New monitoring station helps clear the air

A new air quality monitoring station is giving families in the Comox Valley access to real-time information to help them protect their health on low air quality days, Environment Minister Terry Lake announced today as part of Canadian Environment Week (June 5-11) celebrations.

A new air quality monitoring station is giving families in the Comox Valley access to real-time information to help them protect their health on low air quality days, Environment Minister Terry Lake announced today as part of Canadian Environment Week (June 5-11) celebrations.

The air quality station is a partnership between the Ministry of Environment and the Comox Valley Regional District and monitors the effects of industrial, residential and commercial activities on the air shed. Live air quality readings are available online through the webpage: bcairquality.com

The station was installed near Courtenay Elementary school this spring at a cost of about $100,000. Ministry technicians have been fine-tuning the equipment to ensure air quality readings are accurate. Ongoing maintenance and operating costs of about $10,000 per year will be jointly funded by the CVRD and the Ministry of Environment.

The new station gathers air quality information in Courtenay that will be used to create the Air Quality Health Index for the Comox Valley, which is a public information tool that helps Canadians protect their health daily from the negative effects of air pollution. The information also supports local initiatives to reduce the impact of wood stoves and open burning on air quality.

The monitoring station measures fine particulate matter in the air from smoke, transportation exhaust and other sources. It also measures ground-level ozone and nitrogen oxides, which are two key indicators of air quality.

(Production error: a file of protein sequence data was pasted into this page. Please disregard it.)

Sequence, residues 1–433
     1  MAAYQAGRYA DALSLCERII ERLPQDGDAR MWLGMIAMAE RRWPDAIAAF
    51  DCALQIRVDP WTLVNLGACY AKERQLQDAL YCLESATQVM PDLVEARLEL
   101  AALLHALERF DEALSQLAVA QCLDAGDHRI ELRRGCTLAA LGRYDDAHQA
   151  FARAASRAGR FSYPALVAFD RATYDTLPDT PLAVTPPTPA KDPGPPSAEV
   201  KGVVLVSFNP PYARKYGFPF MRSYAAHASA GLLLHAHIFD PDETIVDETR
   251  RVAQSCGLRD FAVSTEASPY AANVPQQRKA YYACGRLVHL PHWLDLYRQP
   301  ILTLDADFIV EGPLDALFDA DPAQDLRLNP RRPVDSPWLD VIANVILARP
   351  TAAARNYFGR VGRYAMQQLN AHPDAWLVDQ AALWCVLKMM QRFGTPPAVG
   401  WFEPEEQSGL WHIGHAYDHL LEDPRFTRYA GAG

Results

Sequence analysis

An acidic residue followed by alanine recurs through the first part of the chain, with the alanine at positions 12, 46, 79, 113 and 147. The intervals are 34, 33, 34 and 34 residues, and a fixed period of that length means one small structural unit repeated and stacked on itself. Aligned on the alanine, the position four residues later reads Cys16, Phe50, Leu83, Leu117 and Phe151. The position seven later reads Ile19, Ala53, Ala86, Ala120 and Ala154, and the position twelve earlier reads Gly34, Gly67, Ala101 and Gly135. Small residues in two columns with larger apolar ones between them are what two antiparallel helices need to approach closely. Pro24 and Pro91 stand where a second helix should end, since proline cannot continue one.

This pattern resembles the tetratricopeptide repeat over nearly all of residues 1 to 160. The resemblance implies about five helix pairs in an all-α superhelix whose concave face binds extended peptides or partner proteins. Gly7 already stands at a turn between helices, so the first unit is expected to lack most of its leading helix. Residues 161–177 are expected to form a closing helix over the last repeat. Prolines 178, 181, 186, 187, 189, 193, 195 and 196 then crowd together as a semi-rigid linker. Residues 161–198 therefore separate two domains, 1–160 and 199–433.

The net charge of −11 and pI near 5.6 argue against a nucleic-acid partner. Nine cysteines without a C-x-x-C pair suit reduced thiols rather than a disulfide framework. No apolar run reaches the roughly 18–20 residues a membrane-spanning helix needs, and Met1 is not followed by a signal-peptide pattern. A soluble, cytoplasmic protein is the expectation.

“The Comox Valley is known for its gorgeous scenery and outdoor recreation opportunities,” said Comox Valley MLA Don McRae. “The new air quality monitoring station will help people protect their health on days with lower air quality.

“People can look at live air quality readings and decide for themselves whether or not it’s a good day for outdoor physical activity.”

“The CVRD has been working with the province for some time, helping to gather data on the quality of the air in our region,” said Comox Valley Regional District chair Edwin Grieve.

“Last September we endorsed the installation of a permanent air quality monitoring station and we are pleased to see that it has come to fruition.”

B.C. Minister of Environment Terry Lake said, “The Comox Valley asked for better information about air quality, and we’re delivering on that request with a permanent monitoring station.

“The new station is an important tool for education and awareness, and provides vital information about air quality in the Comox Valley.”

Live data on general air quality in Courtenay and communities all around B.C. is available on the BC Air Quality website at www.bcairquality.com.

— Ministry of Environment

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